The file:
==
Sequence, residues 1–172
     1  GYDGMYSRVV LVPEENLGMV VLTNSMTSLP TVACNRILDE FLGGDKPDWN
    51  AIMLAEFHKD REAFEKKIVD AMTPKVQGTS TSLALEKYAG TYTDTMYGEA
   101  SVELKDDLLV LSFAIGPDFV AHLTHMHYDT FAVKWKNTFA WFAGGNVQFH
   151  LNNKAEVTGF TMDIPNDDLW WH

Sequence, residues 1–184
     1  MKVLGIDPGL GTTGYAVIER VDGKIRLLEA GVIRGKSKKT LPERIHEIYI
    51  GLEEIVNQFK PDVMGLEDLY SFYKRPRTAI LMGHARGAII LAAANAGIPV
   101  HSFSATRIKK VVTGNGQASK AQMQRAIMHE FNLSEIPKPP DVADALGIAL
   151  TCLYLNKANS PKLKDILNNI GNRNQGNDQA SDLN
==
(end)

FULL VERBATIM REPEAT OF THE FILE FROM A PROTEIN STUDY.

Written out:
Sequence, residues 1–172
     1  GYDGMYSRVV LVPEENLGMV VLTNSMTSLP TVACNRILDE FLGGDKPDWN
    51  AIMLAEFHKD REAFEKKIVD AMTPKVQGTS TSLALEKYAG TYTDTMYGEA
   101  SVELKDDLLV LSFAIGPDFV AHLTHMHYDT FAVKWKNTFA WFAGGNVQFH
   151  LNNKAEVTGF TMDIPNDDLW WH

Sequence, residues 1–184
     1  MKVLGIDPGL GTTGYAVIER VDGKIRLLEA GVIRGKSKKT LPERIHEIYI
    51  GLEEIVNQFK PDVMGLEDLY SFYKRPRTAI LMGHARGAII LAAANAGIPV
   101  HSFSATRIKK VVTGNGQASK AQMQRAIMHE FNLSEIPKPP DVADALGIAL
   151  TCLYLNKANS PKLKDILNNI GNRNQGNDQA SDLN